Chapters 7 and 8 Summary and Analysis
Dr. Sloper regards with increasing concern the progressing courtship of Morris and Catherine. He is concerned about the appearance of the sudden arrival of a lover where none has darkened the door for that purpose before. Dr. Sloper is not bothered that Morris is poor, but that he is poor through his own weakness of character. When at last Morris comes to visit while Catherine’s father is present, Sloper is impressed with Morris's physical appearance but quite the opposite with his personality. He finds the suitor overconfident without justification.
Morris can readily tell that Sloper does not like him. In a first line of confrontation, he discovers that her father’s approval is essential to Catherine, much to Morris’s disappointment. Mrs. Penniman, however, feels it does not matter and encourages Morris to continue his courtship. Dr. Sloper wants Catherine to get over her feelings for Morris, whom he has judged to be not a gentleman.
Catherine continues to grow in the intensity of her feelings for Morris Townsend; however, love for her is an opportunity to sacrifice. She has no concept that love demands certain things as rights. She instead sees any attention that Morris shows her as a favor. Dr. Sloper becomes increasingly suspicious of Morris and demands that Mrs. Penniman inform him when Morris comes to the house. Mrs. Penniman, in reply to what has been happening in the house, tells her brother that the cat has had kittens. Dr. Sloper states that the kittens should be drowned, an act that Mrs. Penniman refuses to do. Comparing Mrs. Penniman to a cat, Dr. Sloper calls it (and her) stealthy. As for himself, Dr. Sloper observes that he is neat and frank, appearing to be just what he is. He cannot see what Morris sees in Catherine, whom he calls a weak-minded woman. He questions his sister as to her knowledge of Morris's background. She knows that he has been “wild” but has since repented. He is also friendless, due to the falsity of companions who have betrayed him. To this Dr. Sloper informs her that Morris evidently still has a good friend in his sister who is supporting him while he refuses to find a job. Mrs. Penniman states that Morris is looking for a job every day. Dr. Sloper agrees: Morris is looking for a job at their home by marrying a weak-minded woman. In retort, Mrs. Penniman warns him that he is pathetically mistaken if he thinks Catherine is a weak-minded woman.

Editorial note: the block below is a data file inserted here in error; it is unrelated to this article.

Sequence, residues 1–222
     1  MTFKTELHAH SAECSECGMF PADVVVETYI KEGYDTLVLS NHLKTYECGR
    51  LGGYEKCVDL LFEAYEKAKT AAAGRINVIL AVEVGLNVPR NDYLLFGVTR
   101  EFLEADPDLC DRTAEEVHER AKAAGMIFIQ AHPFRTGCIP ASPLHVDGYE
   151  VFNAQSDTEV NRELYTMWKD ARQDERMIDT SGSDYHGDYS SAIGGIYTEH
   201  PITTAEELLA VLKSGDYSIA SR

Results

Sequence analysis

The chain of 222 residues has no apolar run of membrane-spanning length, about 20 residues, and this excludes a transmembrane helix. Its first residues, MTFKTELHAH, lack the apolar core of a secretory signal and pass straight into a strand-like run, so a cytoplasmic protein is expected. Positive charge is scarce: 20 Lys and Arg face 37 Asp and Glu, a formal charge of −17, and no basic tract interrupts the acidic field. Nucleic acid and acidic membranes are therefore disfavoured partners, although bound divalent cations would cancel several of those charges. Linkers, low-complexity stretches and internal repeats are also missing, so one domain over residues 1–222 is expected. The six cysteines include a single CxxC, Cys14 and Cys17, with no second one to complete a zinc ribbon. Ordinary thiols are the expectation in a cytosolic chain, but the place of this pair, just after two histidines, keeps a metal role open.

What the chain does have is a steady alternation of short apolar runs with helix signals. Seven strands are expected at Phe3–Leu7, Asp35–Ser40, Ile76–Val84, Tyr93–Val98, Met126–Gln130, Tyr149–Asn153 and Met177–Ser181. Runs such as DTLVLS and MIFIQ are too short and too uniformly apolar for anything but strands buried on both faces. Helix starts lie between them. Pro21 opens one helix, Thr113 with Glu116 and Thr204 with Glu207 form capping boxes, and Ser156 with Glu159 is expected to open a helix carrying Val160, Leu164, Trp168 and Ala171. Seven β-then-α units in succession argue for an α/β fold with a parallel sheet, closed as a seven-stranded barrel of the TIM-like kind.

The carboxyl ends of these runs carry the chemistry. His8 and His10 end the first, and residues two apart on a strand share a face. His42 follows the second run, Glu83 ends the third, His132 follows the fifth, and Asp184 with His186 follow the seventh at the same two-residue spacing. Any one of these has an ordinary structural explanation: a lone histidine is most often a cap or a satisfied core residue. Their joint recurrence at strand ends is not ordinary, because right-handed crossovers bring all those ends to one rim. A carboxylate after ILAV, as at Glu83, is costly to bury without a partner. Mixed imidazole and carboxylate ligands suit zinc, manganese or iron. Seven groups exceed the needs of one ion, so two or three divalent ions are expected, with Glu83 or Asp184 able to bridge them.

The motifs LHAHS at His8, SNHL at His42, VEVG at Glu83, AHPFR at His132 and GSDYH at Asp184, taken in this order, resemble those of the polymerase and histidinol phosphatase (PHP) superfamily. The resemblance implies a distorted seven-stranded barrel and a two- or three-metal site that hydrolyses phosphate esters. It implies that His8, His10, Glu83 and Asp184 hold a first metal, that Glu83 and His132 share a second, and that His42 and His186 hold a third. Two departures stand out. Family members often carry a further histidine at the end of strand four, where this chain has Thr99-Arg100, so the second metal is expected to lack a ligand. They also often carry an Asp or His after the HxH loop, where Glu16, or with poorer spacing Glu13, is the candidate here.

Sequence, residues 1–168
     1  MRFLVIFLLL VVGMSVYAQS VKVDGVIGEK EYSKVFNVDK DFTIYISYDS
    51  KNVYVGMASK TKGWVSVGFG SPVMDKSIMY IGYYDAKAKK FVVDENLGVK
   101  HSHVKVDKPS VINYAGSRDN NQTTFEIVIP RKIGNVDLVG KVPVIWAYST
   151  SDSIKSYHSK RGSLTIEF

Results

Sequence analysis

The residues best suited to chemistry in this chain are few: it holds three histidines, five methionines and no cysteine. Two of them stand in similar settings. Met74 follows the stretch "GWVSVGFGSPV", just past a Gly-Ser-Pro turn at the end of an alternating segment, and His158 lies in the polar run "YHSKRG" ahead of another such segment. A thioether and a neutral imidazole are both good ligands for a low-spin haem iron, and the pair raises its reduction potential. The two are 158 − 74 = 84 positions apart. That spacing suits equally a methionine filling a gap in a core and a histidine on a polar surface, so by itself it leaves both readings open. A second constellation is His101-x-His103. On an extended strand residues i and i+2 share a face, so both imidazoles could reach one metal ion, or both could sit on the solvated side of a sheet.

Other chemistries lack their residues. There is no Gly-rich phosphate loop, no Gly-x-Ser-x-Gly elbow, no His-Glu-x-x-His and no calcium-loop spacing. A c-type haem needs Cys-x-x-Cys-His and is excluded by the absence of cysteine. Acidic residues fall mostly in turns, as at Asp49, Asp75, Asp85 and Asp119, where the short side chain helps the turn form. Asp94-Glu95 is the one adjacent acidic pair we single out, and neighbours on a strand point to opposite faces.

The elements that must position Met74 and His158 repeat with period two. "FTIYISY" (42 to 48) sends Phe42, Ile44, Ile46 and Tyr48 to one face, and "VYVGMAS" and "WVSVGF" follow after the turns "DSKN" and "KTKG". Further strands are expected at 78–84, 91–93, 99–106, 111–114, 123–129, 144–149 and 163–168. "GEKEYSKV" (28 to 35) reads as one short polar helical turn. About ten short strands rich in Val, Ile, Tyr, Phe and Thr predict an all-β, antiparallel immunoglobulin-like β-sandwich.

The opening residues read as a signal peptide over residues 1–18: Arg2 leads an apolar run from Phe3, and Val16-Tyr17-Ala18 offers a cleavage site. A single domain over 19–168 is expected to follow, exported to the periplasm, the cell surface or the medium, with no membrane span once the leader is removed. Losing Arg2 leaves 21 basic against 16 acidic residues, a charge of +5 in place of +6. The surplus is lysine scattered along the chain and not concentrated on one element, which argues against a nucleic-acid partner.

The battle lines are being drawn, with Dr. Sloper alone facing his sister, his daughter, and her suitor. Yet through the force of his personality, his reliance on “facts” and reality, and his confidence in his own rectitude, he is more than a match for his opponents. Although victory on the surface seems assured, there begin to be signs that it will not be a total victory. He may win that battle, but he just might possibly lose the war.
The effects of a lifetime of subtle contempt by her father begins to be revealed in Catherine’s character. To her, love means sacrifice. In her love for her father, she has given up her own happiness, her own self-confidence, her own humanity. This she believes is the purpose of love. Thus, when she contemplates losing Morris, she accepts it readily, believing that memories are enough to sustain her through the remainder of her life. She has low expectations, as low as her own father has of his daughter.
Mrs. Penniman believes in Catherine, not based on her own knowledge of Catherine, but in this new game in which Catherine is but a player. The Catherine she supports in her courtship with Morris is not the Catherine...
(The entire section is 949 words.)